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Monthly Archives: June 2010


Word of Mouth Has Changed, Sort Of

Scream it baby

“You have to see this!”

Well before computers were making our lives easier by making them harder, people reacted to content. Word of mouth was simply that: people spread the word to each other by talking (talking was an ancient method of communication where two or more people stood in the same room, and then by things called telephones and used voices to convey messages back and forth. Sounds crazy, I know, but apparently back then is was perfectly acceptable. Crazy pioneers)

Things shifted in the mid/late 90’s where we started to scale word-of-mouth with the use of email. We could now tell multiple people without having to re-tell the story and if we really wanted to be the talk of the town, we simply “CC’d” everyone, so all the replies went back to everyone again! Since I run a “viral marketing” company, whatever that means, my job was to ensure it was easy for our client’s projects were easy to pass around by viewers. The “tell-a-friend” script became popular until people started abusing it and it was a great way to get your domain blacklisted.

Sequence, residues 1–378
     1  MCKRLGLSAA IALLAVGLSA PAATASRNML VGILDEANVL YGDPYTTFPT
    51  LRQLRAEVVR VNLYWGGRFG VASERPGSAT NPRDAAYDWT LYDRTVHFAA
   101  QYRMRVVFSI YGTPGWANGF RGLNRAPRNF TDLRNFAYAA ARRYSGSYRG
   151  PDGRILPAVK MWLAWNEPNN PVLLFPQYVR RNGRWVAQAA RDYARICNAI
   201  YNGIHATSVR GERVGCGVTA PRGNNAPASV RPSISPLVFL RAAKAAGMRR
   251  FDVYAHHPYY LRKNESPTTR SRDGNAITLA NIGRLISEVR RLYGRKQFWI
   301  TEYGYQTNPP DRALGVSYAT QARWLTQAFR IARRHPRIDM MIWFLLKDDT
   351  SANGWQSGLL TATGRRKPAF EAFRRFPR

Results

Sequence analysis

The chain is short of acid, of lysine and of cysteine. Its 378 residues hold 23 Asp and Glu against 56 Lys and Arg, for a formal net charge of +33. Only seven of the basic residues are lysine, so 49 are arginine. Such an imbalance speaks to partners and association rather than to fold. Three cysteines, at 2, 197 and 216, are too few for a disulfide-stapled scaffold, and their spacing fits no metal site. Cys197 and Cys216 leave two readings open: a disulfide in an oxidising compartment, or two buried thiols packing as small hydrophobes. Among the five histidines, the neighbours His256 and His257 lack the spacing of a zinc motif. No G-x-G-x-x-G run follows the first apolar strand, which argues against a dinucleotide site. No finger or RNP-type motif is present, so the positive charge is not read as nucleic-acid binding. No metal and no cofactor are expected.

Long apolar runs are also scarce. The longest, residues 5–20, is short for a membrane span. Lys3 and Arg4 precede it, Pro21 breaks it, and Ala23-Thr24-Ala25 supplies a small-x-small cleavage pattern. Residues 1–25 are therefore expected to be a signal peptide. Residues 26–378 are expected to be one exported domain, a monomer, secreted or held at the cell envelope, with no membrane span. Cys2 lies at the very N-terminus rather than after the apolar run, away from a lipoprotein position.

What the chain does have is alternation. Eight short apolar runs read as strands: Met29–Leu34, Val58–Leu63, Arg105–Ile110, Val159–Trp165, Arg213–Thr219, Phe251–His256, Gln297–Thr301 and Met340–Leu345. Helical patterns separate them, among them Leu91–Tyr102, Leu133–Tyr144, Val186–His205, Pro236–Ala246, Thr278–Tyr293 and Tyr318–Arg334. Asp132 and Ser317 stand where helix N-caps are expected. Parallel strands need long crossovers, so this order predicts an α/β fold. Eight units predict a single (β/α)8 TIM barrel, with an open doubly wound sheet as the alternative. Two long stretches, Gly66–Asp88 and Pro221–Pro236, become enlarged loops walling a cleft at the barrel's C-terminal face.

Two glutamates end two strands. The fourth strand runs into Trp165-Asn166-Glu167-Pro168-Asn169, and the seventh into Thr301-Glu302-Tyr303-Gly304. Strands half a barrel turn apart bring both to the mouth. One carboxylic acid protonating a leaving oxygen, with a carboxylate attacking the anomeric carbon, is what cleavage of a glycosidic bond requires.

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50,000 Tweets and All I Got Was Everything

Recently I surpassed the 50,000 tweet mark.

Holy monkeynuts.

That’s roughly 5,000,000 characters of typing, assuming an average of 100 characters a tweet.

And it’s been worth every one of them.

So the question is why? I’ve practically written enough on Twitter for five books, am a member of the 50/50 club (50k tweets, 50k followers) (I totally just made up that club right now. You’re welcome. I’m like the Jose Canseco of Twitter when he joined the 40/40 club in baseball, except I doubt I’ll be making an appearance on celebrity boxing anytime soon)

It’s not the fact that I’ve spouted off on Twitter 50,000 times, it’s the content of those tweets. The majority of them have been conversations. If you take a look at my stats you can see that almost 75% of my tweets have been replies. Over 37,000 of my tweets have been points of conversation. That’s why Twitter works for some and not for others. Twitter is a conversation.

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